handlers that on every defensive rebound, they must move into a position quickly where the rebounder can pass to
them. Coaches often assume kids know this, but like every other fundamental in the game, it must be taught.
Rebounders should be taught to take care of the ball after a defensive rebound and make a clean, simple pass to a guard.
So often, I see kids work hard for the rebound, only to lose it with a careless outlet pass. Impress your kids that the
opponent is often "lurking around" to steal those outlet passes.

Also, some coaches like to assign the same person (usually a post player with good passing skills) to be the inbounds
passer each time a basket is made, or the ball is out-of-bounds. The post players should be taught to get down the floor
and allow spacing and room for the guards to bring the ball up.

Primary Fast Break
There are different ways of running the transition offense, but most methods use the idea of filling three lanes coming
up the floor, a "trailer", and a "prevent" person (Diagram A). The guards, or small forward should run the three lanes.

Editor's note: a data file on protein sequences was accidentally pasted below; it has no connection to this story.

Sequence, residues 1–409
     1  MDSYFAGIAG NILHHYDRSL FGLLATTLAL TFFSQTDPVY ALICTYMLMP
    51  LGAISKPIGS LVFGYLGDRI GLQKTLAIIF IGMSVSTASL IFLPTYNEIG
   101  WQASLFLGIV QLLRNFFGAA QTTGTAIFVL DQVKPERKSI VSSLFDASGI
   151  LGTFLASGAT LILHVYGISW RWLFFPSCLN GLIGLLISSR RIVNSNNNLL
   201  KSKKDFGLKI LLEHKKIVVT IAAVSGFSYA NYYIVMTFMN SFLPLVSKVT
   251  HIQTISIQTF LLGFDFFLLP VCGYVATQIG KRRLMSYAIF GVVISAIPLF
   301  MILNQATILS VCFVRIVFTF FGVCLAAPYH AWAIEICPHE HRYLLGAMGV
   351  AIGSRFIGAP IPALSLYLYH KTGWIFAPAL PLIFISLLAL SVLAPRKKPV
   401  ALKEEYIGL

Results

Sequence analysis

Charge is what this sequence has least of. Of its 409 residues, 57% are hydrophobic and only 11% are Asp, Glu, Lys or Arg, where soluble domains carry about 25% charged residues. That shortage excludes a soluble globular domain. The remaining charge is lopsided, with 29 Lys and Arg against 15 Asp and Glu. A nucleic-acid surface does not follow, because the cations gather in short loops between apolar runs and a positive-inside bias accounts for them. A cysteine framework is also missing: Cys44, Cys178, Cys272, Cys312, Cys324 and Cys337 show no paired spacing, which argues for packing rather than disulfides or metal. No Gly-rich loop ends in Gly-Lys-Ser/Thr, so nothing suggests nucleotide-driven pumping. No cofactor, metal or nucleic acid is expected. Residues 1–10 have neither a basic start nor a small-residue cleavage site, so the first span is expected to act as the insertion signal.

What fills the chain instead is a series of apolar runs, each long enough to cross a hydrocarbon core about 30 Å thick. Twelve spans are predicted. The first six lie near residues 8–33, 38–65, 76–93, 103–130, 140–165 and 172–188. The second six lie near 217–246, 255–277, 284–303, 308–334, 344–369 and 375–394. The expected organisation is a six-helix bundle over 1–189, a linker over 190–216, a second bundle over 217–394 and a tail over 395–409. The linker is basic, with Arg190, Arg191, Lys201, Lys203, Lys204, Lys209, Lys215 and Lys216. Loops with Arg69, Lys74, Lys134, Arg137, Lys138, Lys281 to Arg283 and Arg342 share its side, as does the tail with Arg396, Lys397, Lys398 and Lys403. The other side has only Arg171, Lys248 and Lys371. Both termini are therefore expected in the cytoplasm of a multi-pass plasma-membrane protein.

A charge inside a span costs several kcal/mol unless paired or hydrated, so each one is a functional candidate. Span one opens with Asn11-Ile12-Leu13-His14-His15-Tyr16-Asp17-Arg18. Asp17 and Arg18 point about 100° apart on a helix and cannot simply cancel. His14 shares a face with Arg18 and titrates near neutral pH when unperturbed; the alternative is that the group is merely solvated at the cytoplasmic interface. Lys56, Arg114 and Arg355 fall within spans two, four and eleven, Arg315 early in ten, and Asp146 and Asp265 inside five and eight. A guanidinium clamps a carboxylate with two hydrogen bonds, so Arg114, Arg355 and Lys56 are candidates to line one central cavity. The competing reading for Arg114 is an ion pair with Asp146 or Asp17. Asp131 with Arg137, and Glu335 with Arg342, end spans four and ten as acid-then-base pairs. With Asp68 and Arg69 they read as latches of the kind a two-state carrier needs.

One lane is straight up the middle of the floor, and the other lanes are along each sideline. Some coaches feel that it
doesn't matter which player is in which lane, but just fill each lane position as quickly as possible and "go!” Other
coaches teach that the outlet pass always goes to the point guard (the team's best ball handler) in the centre, and the
outside lanes, trailer and prevent position are assigned to individual players, so each one knows his role. If the break
doesn't develop, then just bring it up slowly and avoid the turnover that can happen by getting the ball into the wrong
person's hands.

Preferably, the ball will be in the centre lane, although the break can be run from the wing and can be run with only two
lanes filled (as after a quick mid-court steal). The centre person should dribble the ball all the way to the free throw
lane, and should not make any unnecessary passes prior to that point. The two outside lanes should cut at 45 degrees to
the hoop for a pass from the point, and the lay-up. If the point guard pops the free throw jumper, the wings should crash
the boards for the rebound. If neither happens, the wings should cross under the basket and fill the opposite corner or
wing, and the point guard should move to the right side of the free throw circle. Next the "trailer" should cut through
the left side of the lane, expecting the pass. The "prevent" player should come up the floor slowly, making sure no
opponents are behind him. He prevents the opponent from taking it to the hoop should they steal or intercept the ball. If